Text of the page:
John Wall (20 points, nine assists, six steals) and Washington win their third straight following a four-game losing streak. (Michael Dwyer/Associated Press)

Marcin Gortat crowded Boston Celtics center Jared Sullinger as he drove baseline, sized him up then slapped Sullinger’s shot right into the hands of Bradley Beal. Beal tossed the ball ahead to John Wall, who raced up the court, sucked in the defense and flipped the ball over to Trevor Ariza for a three-pointer. Ariza’s basket completed a stunning run in which the Washington Wizards turned an eight-point deficit into a five-point lead in roughly four minutes.

After the shot dropped, TD Garden fell silent. Wall glared back at his bench, marveling at the cold-blooded and methodical precision of a 14-1 rally that propelled the Wizards to an impressive 106-99 victory over the Celtics. Ariza calmly backpedaled and said he told himself, “Okay, we fought back. Now let’s not stop here. Let’s keep going, let’s keep stepping on them and let’s run away with this one.”

The team that once found a way to repeatedly fumble in crunch time, that never had enough energy to finish after climbing back from huge deficits, is suddenly making the critical plays and demoralizing opponents in their own buildings.

The Wizards (12-13) overcame an 18-point deficit to claim their third consecutive road win for the first time since April 2012.

Washington got a game-winning layup by Beal in a one-point win in New York to start the week, a huge offensive putback by Gortat and a backbreaking three-pointer by Beal in Brooklyn and a lift from Ariza and Wall in Boston after a sloppy start.

The Post Sports Live crew recalls the highlights from the year in Washington sports. (Jayne Orenstein/PostSportsLive/The Washington Post)

“We don’t let anything rattle us too much,” Ariza said after making five three-pointers and scoring a game-high 27 points. “We’re starting to learn that. We’re starting to mature as a team and when you don’t get too high or too low and just play, it’s a long game. Teams go on runs and we were down early, but we still had a lot of game left and stuck with it.”

Ariza said recently that the Wizards’ struggles to close out games would eventually make them better, that their unfamiliarity with those situations would morph into experience. Now Washington is playing with a confidence that it will make the plays that matter in the end.

That poise was evident after former Georgetown star Jeff Green made a layup to give the Celtics a 92-84 lead with a little more than six minutes remaining. Ariza started the run with a long jumper, then found backup Kevin Seraphin (13 points) for a dunk.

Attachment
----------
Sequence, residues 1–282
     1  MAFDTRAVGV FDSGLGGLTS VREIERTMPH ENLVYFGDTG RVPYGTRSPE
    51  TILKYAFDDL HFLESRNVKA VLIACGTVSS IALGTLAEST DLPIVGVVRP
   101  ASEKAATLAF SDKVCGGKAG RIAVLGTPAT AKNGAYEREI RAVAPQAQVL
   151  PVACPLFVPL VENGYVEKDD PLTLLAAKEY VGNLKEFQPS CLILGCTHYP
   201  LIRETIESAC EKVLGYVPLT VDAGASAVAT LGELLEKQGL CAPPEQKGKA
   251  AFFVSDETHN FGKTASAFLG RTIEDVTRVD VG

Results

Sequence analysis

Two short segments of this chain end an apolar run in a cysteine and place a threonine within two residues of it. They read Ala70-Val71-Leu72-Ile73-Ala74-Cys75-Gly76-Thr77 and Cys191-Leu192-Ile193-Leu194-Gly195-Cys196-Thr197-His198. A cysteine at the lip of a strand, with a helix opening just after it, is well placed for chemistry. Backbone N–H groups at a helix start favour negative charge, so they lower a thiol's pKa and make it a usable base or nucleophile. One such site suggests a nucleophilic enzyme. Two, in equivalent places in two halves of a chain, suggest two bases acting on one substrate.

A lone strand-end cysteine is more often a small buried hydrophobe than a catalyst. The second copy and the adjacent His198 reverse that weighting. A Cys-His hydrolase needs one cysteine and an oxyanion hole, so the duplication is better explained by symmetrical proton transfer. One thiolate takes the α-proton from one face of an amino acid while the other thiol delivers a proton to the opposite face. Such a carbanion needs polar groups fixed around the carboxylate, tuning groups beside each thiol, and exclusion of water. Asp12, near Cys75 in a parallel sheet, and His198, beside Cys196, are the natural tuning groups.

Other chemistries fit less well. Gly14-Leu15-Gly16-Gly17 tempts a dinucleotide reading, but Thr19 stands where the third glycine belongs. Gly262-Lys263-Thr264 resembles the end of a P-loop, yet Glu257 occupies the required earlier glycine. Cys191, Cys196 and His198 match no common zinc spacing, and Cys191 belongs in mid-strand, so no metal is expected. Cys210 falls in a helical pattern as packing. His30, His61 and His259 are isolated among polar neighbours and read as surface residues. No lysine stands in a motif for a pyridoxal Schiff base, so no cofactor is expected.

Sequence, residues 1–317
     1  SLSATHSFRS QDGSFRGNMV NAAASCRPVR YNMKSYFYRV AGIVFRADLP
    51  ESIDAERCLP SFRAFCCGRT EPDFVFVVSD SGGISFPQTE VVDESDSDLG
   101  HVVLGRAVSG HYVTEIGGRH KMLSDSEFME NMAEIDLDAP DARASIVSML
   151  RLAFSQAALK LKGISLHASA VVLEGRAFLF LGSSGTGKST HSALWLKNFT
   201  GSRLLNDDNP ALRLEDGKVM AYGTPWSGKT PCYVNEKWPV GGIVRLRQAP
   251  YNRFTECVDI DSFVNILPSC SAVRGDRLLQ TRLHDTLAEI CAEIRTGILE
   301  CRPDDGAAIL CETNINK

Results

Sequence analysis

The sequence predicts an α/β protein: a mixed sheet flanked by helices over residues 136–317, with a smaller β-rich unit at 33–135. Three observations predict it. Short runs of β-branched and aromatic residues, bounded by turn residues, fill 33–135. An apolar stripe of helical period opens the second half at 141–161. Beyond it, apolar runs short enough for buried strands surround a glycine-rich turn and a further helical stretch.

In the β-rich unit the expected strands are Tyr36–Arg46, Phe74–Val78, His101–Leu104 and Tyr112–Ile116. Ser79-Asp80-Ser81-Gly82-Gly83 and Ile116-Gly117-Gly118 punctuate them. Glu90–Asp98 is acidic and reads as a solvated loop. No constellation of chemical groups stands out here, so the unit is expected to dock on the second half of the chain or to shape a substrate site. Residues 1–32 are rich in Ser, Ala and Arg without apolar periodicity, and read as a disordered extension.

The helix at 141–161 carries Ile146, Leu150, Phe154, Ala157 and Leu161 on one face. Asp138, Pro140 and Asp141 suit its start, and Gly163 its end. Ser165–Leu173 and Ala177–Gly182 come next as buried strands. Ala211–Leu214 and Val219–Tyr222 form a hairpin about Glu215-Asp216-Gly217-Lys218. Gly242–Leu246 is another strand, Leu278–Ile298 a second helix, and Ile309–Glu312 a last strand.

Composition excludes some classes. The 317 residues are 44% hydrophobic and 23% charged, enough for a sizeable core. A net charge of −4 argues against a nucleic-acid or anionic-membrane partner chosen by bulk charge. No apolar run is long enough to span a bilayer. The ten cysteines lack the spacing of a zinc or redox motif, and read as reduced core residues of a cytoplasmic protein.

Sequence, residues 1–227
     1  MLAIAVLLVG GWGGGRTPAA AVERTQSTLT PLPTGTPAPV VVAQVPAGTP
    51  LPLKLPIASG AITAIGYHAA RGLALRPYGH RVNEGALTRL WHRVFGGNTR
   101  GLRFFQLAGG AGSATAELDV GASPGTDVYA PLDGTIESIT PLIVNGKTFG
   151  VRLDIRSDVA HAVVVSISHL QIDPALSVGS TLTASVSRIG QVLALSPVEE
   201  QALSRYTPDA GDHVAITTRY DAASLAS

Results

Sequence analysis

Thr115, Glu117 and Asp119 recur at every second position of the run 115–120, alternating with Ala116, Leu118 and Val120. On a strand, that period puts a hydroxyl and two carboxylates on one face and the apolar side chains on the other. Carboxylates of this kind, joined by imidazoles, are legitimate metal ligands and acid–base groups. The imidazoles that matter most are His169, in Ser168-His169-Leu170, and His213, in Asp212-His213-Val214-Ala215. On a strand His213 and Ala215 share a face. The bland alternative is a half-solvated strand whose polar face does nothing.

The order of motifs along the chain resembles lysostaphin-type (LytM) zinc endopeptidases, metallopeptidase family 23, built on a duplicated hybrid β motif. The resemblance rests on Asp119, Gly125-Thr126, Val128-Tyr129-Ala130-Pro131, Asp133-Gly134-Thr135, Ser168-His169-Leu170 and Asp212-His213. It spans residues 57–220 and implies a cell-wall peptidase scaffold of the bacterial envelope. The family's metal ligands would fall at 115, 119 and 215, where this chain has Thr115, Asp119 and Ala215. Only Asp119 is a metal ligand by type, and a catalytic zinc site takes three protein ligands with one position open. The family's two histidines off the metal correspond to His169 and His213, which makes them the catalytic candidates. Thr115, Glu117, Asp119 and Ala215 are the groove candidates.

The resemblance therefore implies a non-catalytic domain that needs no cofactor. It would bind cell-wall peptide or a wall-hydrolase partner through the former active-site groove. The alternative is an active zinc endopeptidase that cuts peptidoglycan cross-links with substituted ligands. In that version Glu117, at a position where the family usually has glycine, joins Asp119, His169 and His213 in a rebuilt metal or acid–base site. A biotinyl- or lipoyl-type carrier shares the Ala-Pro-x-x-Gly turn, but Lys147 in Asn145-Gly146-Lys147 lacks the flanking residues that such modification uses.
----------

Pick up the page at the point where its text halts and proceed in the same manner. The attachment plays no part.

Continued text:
Wall missed his first four shots from three-point range but didn’t hesitate to pull up for a three-pointer to bring the Wizards within one. Nene replaced Seraphin and immediately tied the game with a bank shot from the left side of the rim. Wall followed by giving the Wizards their first lead at 95-93 with a pull-up jumper from 20 feet and started applauding.

“They are beginning to grow up before my eyes in terms of having perseverance that this group is starting to develop. I’m seeing it,” Coach Randy Wittman said. “To win on the road, you have to be mentally tough. Not in your own bed, you are eating terrible restaurant food, all those things.”

Wall was upset with himself for failing to deliver in losses this month against Milwaukee, Denver and Atlanta, but he was consistently coming through, especially on the defensive end against former Wizard Jordan Crawford. Wall finished with 20 points, nine assists and a season-high six steals, with two coming in the fourth quarter.

“I’m trying to learn and watch all the mistakes of the things I did wrong,” Wall said. “As long as we play as a team, I think we’re building. I think we’re figuring out how to stay humble and how to stay through the tough times, and that’s how you become a better team and a playoff team.”

Nene, with his minutes still being limited as he recovers from tendinitis in his right Achilles’ heel, contributed 13 points with eight rebounds in just 23 minutes off the bench. Nene found Gortat inside for a reverse layup late, and made all four of his free throw attempts in the fourth quarter.

“I’m in the process of coming back from injury. Maybe the next two games it’s going to be like that until I feel comfortable and I feel better to receive the same minutes I’ve been playing,” Nene said. “If that is 30 minutes or 10 minutes, I’m always going to give my best.”

Crawford (11 points, eight assists) came out fired up in his first start against the team that discarded him just 10 months ago and had seven points and four assists in the first quarter, giving his team a 16-point lead when he dribbled up the court and buried a fallaway three-pointer. The Celtics went ahead 32-14 when reserve Gerald Wallace made a layup to start the second period.

The Wizards cut the margin to 51-44 by intermission, and Wittman reminded his players they had what it took to win. “We didn’t plan to start like that, but that’s part of the business,” Gortat said after scoring 13 points with 11 rebounds and four blocks. The Celtics “punched us first. I’m just glad they didn’t get a KO in the first quarter. It’s still too early to say something, but if we’re going to continue to play like that, grow as a team, build this chemistry and build this momentum, we’re going to be able to put ourselves in a good position before the playoffs.”